But Korzybski really wanted to point to a lot more distinctions than this, as evidenced by the reference to "levels I, II, III, and IV" mentioned in the quote above. Level I refers to the territory ("happenings" as he called it), and level IV refers to explicit verbal description; the intervening levels refer to various levels of intermediate processing between the two. But there were many more distinctions as well. Again quoting from the wikipedia page:

Suppose you recognize one student—call her Anna—from a prior course in which Anna either excelled or did poorly. Again, you escape identification by your indexed awareness that Annathis term, this course is different from Annathat term, that course. Not identifying, you both expand and sharpen your apprehension of "students" with an awareness rooted in fresh silent-level observations.

Other traditions have pointed to other distinctions as their central examples. Buddhism has a number of favorite equivocations to point at, including the tangled mess of equivocation that is "the self". 

Each important distinction has a number of important implications. Pulling things apart allows us to address each differently. I talked about a number of illustrative examples in Separation of Concerns. The more things we correctly differentiate, the more freedom we have to optimize.

I think a lot of the content of Nonviolent Communication (NVC) is a set of important de-identifications:

  • You are encouraged to explicitly label your own experience. This helps de-fuse your experience from the experience of others, so that you don't implicitly assume everyone has experienced things the way you have. For example, you don't assume your roommate knows you find their music annoying (which can lead to the further assumption that they are annoying you on purpose).
  • You are encouraged to explicitly label wants and needs, and separate these from requests. This helps de-fuse your desires from the desires of others. For example, rather than say "you need to be quiet", NVC would encourage you to explain how the noise makes you feel, state that you (not them) has a need for quiet, and only then make a request. This facilitates group problem-solving, rather than an argument about whether the other person "needs" to be quiet.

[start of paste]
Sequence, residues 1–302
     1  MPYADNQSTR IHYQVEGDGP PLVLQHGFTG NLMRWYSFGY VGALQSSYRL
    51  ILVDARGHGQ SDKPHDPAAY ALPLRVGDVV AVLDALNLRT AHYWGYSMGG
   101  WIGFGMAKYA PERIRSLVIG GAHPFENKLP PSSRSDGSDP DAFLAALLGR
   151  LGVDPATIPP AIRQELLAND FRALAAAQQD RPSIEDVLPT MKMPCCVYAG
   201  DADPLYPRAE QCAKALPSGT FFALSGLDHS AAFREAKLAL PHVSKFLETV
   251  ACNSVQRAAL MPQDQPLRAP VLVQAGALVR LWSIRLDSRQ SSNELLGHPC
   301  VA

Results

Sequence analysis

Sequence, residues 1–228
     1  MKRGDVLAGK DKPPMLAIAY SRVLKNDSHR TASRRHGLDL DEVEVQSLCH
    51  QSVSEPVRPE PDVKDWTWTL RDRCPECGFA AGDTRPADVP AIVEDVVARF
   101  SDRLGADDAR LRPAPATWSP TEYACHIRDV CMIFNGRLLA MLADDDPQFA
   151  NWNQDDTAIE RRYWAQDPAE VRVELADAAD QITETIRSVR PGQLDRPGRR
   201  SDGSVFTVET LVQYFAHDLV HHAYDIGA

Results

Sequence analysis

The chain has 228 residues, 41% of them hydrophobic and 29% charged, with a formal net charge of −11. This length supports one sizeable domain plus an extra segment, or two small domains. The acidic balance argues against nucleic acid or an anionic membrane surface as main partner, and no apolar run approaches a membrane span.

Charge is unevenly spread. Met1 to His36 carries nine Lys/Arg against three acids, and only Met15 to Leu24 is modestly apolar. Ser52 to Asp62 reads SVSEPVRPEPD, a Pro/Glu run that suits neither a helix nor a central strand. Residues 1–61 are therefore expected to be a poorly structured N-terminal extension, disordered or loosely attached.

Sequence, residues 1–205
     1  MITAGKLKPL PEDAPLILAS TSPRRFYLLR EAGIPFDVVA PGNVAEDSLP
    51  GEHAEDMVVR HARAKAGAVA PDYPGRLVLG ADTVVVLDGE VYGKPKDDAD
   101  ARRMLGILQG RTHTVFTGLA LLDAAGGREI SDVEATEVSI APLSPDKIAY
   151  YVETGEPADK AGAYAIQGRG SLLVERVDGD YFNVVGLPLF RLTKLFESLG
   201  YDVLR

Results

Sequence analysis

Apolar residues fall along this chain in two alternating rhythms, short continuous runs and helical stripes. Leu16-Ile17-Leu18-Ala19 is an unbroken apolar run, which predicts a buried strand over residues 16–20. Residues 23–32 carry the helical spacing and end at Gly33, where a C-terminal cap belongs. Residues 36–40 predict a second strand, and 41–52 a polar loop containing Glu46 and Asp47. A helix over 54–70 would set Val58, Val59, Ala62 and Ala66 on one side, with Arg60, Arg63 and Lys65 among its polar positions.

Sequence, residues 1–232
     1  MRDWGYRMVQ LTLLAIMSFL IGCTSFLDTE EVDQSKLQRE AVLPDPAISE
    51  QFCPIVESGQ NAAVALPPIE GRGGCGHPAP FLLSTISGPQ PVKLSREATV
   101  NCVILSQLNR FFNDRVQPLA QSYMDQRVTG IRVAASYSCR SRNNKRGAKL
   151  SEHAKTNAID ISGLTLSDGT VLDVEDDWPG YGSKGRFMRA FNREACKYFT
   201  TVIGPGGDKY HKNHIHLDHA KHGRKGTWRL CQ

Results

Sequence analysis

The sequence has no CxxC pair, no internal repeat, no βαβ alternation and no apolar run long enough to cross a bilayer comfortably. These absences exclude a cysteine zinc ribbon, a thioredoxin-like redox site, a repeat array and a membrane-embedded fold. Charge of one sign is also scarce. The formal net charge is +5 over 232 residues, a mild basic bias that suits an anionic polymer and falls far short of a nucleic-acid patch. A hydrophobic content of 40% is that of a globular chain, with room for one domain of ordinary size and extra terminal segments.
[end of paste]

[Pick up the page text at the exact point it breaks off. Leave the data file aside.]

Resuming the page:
• You are encouraged to avoid "should", as it tends to encourage equivocation between all of the above-mentioned things.

Like the map/territory distinction, these distinctions can be gateway drugs to the general "make distinctions" thing.

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One thing to remember when talking  about distinction/defusion is that it's not a free operation: if you distinguish two things that you previously considered the same, you need to store at least a bit of information more than before. That is something that demands effort and energy. Sometimes, you need to store a lot more bits. You cannot simply become superintelligent by defusing everything in sight.

Sometimes, making a distinction is important, but some other times, erasing distinctions is more important. Rationality is about creating and erasing distinctions to achieve a more truthful or more useful model.

This is also why I vowed to never object that something is "more complicated" if I cannot offer a better model, because it's always very easy to inject distinctions, the harder part is to make those distinctions matter.

Yeah. Probably the reason why e.g. the experience of a raw sound and the interpretation of that sound are fused together by default, is that normally it's only the interpretation we care about, and we need to be able to react to it quickly if it carries any urgent information. I made a similar observation in the essay that Abram is referencing:

Cognitive fusion isn’t necessarily a bad thing. If you suddenly notice a car driving towards you at a high speed, you don’t want to get stuck pondering about how the feeling of danger is actually a mental construct produced by your brain. You want to get out of the way as fast as possible, with minimal mental clutter interfering with your actions. Likewise, if you are doing programming or math, you want to become at least partially fused together with your understanding of the domain, taking its axioms as objective facts so that you can focus on figuring out how to work with those axioms and get your desired results. [...]